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ASAN, South Korea — It was around 2:30 p.m. last Aug. 12, a clear day, when rice farmer Chang Yong-geun heard the loud impact and rushed outside.

A small U.S. Army aircraft, a C-12 Huron, already reportedly in flames on its way down, had plunged into a small rice plot and broken into pieces. Part of the aircraft ended up yards over in a second small rice field, one very near Chang’s reddish brick house.

Wednesday, the pilots’ immediate families and former unit gathered near the shade of a large tree about 70 yards from the accident site for a short, simple memorial service for Capt. Kevin M. Norman, 30, and Chief Warrant Officer David W. Snow, 37, two Army aviators killed in what had been a routine training flight.

And because Chang and many others in this small rural community about 20 minutes from Camp Humphreys agree with the Army that the pilots, knowing they were going to crash, made a special effort to try to steer the plane away from buildings and people, about 40 village residents, including the local vice mayor, braved the afternoon heat to attend the service.

Also present were Norman’s widow, Brandi and Snow’s widow, Amy, with his daughters Emily and Olivia. Young Olivia was held for part of the service by a soldier from Snow’s former unit.

A second service was scheduled for Thursday at K-16 Air Base in Seoul.

They stood composed and silent throughout the 15-minute ceremony, which opened at 2 p.m. with brief remarks by Maj. Carleton W. Birch, 17th Aviation Brigade chaplain.

“Welcome ... to the place of your husbands’ and father’s crash site,” Birch said. “We have had our hearts ripped out ... but with God’s help, healing is coming.”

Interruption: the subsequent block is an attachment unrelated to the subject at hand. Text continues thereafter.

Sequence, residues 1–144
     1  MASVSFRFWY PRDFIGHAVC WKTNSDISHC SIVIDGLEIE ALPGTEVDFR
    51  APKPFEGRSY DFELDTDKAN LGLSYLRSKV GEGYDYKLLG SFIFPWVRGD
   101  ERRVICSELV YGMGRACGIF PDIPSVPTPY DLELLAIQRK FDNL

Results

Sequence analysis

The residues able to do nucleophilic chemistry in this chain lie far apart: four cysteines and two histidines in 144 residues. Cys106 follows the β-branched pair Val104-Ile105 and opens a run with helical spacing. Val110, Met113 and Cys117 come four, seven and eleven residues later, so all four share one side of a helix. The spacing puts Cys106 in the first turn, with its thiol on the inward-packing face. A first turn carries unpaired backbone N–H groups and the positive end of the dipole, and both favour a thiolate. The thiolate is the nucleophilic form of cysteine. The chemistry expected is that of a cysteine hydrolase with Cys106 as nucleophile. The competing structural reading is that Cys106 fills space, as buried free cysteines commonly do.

Each pilot’s widow was presented a plaque of “meritorious service” from Asan city officials. The plaques honor each pilot for steering “his malfunctioning aircraft away from a crowded restaurant during his last few moments of flight.”

Speaking through an interpreter just before the ceremony, Asan Vice Mayor Kim Young-ho told Stars and Stripes that local residents turned out to honor the pilots because, “they understand the pilots … tried not to damage any local residents” or buildings. The residents credit the pilots with acting in a “spirit of sacrifice to protect others,” Kim said.

Also speaking at Wednesday’s service was Col. David J. Abramowitz, commander of the 17th Aviation Brigade. “It’s a very difficult day and a very difficult time for all of us,” he told the group.

It meant “so much” to the pilot’s family members, Abramowitz said, “that the civilians are out here today, because you recognize, as we do, that the pilots are heroes.”

If one were to fly over the area, Abramowitz said, it would be evident that virtually the only spot to bring in an aircraft without almost certain harm to people and buildings is the spot where the Huron came down.

“And the one place they landed is the only place” it could have been done safely, he said.

“We hope,” he said, “and we know, that you’ll never forget these two great warriors.”


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